Italian coffee culture

Drinking caffè (coffee) in Italy

Italians drink caffè (coffee) throughout the day, but only a little at a time and often while standing in a bar—remember, a “bar” in Italy is the place to go for your daily caffeine buzz. There’s usually liquor available too, but it’s the caffè that draws the customers. And your cuppa Joe will always be cheaper if you drink it standing at the bar than if you take a table.

Five types of coffee are popular in Italy:

  • Espresso: If you order plain old caffè, this is what you will get: straight espresso in a demi-tasse, saturated with sugar and downed in one gulp. Espresso from a machine (as opposed to that made in the stove-top kettles most Italians use at home) is made by forcing steam through the tightly packed grounds, and despite popular perception it actually contains less caffeine than typical American drip coffee; it's the rich taste that makes espresso seem so strong.
  • Cappuccino is espresso mixed with hot milk and an overlay of foamy steamed milk, usually sipped for breakfast with a pastry and never as an after-dinner drink.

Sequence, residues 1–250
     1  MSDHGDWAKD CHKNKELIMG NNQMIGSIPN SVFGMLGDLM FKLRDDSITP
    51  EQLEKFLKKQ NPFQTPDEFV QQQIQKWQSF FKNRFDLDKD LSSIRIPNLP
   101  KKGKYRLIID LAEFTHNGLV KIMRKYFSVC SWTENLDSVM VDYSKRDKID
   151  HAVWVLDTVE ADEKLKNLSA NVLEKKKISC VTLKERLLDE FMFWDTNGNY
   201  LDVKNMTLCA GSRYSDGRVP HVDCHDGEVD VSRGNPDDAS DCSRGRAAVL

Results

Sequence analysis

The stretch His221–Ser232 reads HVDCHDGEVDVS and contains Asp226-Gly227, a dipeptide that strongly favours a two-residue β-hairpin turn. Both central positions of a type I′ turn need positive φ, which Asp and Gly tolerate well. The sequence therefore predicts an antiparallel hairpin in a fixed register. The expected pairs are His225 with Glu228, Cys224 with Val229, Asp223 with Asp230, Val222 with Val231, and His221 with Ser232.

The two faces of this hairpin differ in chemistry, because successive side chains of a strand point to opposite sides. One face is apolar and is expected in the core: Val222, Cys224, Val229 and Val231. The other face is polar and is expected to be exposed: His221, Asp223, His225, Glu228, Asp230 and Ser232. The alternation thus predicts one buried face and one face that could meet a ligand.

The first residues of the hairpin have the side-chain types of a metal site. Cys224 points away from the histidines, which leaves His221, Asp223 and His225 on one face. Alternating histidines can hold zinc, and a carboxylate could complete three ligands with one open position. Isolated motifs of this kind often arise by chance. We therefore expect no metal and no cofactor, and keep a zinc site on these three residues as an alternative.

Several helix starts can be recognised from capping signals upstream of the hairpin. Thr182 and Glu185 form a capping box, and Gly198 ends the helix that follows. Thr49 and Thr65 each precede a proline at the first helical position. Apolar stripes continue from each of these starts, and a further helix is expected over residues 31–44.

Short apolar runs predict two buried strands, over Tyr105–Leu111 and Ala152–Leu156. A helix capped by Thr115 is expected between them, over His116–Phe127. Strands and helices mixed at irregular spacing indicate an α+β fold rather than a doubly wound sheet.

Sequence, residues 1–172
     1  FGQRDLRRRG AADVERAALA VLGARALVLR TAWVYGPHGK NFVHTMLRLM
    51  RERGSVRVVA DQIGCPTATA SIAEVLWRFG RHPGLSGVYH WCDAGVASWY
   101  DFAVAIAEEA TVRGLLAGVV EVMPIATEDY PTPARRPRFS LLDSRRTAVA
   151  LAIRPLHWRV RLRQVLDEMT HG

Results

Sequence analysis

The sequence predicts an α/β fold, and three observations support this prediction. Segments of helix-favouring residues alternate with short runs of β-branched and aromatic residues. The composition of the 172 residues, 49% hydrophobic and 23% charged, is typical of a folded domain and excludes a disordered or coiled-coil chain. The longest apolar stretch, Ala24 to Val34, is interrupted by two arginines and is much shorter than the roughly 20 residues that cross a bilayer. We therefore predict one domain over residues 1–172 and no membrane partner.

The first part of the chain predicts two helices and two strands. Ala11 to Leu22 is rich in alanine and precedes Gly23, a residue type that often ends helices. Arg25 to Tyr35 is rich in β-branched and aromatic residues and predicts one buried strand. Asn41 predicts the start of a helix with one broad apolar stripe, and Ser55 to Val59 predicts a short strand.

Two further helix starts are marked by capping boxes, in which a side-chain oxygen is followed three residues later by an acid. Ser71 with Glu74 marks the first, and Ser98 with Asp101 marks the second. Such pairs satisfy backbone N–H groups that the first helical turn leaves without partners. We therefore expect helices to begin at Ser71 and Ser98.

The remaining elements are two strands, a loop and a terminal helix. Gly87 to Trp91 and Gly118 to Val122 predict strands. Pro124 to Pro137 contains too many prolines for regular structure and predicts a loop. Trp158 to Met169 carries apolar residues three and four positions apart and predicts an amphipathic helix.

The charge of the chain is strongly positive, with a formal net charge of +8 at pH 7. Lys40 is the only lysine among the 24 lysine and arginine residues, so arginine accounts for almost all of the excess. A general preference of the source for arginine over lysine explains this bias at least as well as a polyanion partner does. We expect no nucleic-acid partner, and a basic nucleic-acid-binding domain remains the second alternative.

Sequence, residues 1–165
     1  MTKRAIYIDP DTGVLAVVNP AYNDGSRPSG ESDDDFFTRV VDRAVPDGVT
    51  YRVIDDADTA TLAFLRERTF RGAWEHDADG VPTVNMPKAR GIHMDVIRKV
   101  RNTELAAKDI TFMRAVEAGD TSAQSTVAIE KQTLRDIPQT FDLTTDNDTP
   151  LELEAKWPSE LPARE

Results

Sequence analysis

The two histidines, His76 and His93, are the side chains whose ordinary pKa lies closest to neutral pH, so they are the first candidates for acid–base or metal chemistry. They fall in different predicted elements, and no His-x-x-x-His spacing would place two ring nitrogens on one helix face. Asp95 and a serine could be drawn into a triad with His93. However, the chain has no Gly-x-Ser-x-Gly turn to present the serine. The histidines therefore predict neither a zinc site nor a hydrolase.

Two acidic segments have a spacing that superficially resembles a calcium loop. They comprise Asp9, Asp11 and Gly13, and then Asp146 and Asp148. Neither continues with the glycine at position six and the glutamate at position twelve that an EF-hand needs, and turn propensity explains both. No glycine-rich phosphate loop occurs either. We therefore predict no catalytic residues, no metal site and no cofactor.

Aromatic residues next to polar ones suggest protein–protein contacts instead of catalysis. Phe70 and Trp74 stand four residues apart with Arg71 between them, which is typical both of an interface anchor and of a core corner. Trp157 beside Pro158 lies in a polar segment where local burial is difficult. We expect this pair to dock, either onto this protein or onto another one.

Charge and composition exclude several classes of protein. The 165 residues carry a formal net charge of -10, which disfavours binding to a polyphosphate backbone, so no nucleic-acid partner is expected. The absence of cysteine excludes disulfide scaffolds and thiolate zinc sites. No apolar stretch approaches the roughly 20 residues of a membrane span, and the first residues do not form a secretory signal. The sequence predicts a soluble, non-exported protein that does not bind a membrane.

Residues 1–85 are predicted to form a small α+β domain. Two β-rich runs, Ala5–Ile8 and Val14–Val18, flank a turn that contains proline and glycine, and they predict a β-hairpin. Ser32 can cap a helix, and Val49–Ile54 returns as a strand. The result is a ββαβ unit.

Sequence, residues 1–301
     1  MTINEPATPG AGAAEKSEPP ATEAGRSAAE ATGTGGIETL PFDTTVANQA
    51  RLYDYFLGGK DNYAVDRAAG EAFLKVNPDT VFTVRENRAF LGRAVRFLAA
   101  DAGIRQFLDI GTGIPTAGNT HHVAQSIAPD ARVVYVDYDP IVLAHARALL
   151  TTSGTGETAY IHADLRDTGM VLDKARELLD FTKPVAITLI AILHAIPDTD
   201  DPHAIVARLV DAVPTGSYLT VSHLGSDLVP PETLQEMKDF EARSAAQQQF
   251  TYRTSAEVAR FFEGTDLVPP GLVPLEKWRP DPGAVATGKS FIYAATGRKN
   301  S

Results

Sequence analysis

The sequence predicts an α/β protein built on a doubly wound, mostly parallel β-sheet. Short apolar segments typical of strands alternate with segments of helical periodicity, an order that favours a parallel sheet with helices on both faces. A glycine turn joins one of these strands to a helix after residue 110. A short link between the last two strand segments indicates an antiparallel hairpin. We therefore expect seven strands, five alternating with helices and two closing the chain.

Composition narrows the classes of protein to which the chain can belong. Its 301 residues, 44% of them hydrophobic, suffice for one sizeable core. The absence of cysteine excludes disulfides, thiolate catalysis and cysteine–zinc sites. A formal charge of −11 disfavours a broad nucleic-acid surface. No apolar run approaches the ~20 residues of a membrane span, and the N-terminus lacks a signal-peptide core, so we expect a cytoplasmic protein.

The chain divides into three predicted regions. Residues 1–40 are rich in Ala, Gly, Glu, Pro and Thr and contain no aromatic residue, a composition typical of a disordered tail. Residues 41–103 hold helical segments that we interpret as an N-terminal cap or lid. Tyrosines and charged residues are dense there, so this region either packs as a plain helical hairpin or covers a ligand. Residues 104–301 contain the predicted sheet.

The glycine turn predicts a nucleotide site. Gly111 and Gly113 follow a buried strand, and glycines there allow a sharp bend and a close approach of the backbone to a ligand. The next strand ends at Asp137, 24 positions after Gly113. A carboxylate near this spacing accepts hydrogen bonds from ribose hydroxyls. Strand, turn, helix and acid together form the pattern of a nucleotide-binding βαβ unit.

• Caffè macchiato is espresso "stained" with a wee drop of steamed milk. This is my favoite—kind of a mini cappuccino, only with much less milk.
  • Latte macchiato is the reverse, a glass of hot milk “stained” with a shot of espresso.
  • Caffè coretto is espresso “corrected” with a shot of liquor.

Also available, and ordered primarily by foreigners:

  • Caffè Hag is decaf.
  • Caffè americano. Most Italians hold in disdain the murky, watered-down dishwater that percolates in offices and kitchens across America and passes for "coffee," so if you want a big, steaming mug like the stuff at home, you’ll have to order caffè americano—and what you will usually get instead is a caffè lungo.
  • Caffè lungo: An espresso that has been "elongated" with hot water.

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